Speakers Paul Bragman, Community and Economic Regeneration Consultants Ltd / Sian Penner, Sian Penner Associates Ltd (SPA) / Cllr Martyn Rawlinson, Preston Council

Fred Miller Room, 3rd floor 

Despite significant government resource being allocated to reduce rates of street conflict and violence the problem persists. This workshop will consider the role that community research can play in helping to overcome these issues.

Using public data to bring about change

session
Speakers Stefan Noble, Oxford Consultants for Social Inclusion (OCSI) / Michael Mclean, Ministry of Housing, Communities and Local Government (MHCLG)

South Bank 1, Lower Ground Floor 

Exploring how public data has been used to influence government policy and inform decisions; a platform that helps communities to access open data; and how data has been used to better identify and understand ‘left behind’ communities. 

Public Scrutiny: Putting communities in the driving seat

session
Speakers Adam Lent, New Local Government Network (NLGN) / Sally Lloyd Evans, University of Reading / Sonia Duvall, Whitley researchers

South Bank 2, Lower Ground Floor 

This session will explore how communities are increasingly taking a leading role in designing, delivering, researching and evaluating public services. It will look at practical examples and explore how transformative they have been. 

12:00pm

Break

Neighbourhood Room, Ground floor 

Tea, coffee and refreshments.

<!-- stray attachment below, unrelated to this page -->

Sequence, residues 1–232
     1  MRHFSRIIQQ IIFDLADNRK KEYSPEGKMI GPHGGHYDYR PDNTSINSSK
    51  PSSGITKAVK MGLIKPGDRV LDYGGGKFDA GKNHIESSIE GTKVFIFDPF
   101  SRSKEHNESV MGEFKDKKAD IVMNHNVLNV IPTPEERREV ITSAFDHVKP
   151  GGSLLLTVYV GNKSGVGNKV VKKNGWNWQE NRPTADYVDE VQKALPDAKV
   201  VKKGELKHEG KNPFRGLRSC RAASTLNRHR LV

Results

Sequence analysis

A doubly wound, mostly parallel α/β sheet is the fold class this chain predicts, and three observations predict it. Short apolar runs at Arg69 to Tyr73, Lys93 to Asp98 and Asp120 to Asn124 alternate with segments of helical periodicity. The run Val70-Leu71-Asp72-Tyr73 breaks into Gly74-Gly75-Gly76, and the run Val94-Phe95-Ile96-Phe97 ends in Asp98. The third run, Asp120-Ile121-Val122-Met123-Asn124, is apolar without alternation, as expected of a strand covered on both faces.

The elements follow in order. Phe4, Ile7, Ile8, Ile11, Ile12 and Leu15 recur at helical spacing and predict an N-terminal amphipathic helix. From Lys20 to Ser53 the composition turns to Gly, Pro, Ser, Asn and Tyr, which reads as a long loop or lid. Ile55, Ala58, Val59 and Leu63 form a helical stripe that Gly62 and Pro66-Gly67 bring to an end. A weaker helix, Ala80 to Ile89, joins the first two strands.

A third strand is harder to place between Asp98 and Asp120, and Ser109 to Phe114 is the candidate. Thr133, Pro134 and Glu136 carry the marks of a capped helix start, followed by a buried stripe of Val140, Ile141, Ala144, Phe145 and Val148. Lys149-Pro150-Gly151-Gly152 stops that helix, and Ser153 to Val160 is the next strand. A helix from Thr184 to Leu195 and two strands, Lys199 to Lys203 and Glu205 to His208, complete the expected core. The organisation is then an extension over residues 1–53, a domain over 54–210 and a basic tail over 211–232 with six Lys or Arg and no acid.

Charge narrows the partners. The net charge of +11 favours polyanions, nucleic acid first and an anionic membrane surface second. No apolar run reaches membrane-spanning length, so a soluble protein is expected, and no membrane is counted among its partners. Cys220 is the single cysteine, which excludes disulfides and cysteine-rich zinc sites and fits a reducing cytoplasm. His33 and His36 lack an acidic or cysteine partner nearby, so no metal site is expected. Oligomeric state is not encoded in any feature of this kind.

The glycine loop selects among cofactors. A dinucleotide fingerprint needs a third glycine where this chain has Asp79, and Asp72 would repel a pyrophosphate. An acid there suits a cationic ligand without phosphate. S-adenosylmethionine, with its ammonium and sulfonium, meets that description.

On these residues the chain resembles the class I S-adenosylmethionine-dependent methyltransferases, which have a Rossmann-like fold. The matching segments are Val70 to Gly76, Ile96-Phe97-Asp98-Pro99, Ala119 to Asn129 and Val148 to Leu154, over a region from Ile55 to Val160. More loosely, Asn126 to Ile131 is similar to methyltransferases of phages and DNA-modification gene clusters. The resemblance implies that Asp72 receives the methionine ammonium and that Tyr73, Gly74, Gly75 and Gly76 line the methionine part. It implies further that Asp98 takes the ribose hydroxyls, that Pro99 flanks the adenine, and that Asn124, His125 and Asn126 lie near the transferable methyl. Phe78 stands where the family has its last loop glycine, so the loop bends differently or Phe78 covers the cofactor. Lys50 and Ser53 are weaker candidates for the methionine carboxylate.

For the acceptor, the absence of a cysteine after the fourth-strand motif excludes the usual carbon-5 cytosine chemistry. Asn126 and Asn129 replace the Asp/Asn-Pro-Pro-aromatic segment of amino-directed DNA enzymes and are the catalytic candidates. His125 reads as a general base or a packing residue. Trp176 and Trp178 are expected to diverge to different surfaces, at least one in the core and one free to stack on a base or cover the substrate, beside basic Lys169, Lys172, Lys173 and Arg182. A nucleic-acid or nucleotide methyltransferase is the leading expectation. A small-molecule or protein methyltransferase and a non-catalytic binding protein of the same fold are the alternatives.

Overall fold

12:20pm - Breakout sessions

Opportunities and challenges of using arts methods in research

session
Speakers Katy Goldstraw, University of Wolverhampton / Kara Jarrold, Sense / Ed Stevens, King’s College London

Lil Patrick Room, 3rd Floor 

This session will explore the experiences of three researchers’ approaches to arts-based methodologies. Participants will undertake an interactive reflection on arts-based research utopias to co-produce best practice principles for arts-based research.   

Understanding community business

session
Speakers John Higton, CFE Research / Dr Alan Southern, University of Liverpool / Ian Wilson, Sheffield Hallam University

Fred Miller Room, 3rd floor 

In this session, the authors of three recent Power to Change reports on different aspects of community business explain their findings and discuss how input from community business staff and users shaped their research and helped maximise its impact. 

How putting communities in control affects health outcomes

session
Speakers Jennie Popay and Rebecca Mead, Lancaster University / Daniel Button, New Economics Foundation

South Bank 1, Lower Ground Floor 

Drawing on findings from two research and evaluation projects, this interactive session will explore how communities can develop their collective control in practice and the outcomes of this process. 

Keeping the community in place

session
Speakers Santiago Peluffo and Simon Salvador, Latin Elephant / Fay Holland, Groundwork UK

South Bank 2, Lower Ground Floor 

This session will focus on three pieces of research that each explore, in different ways, how place relates to community action. It will cover the perspectives of small independent businesses, grassroots community groups and residents of a regenerated estate.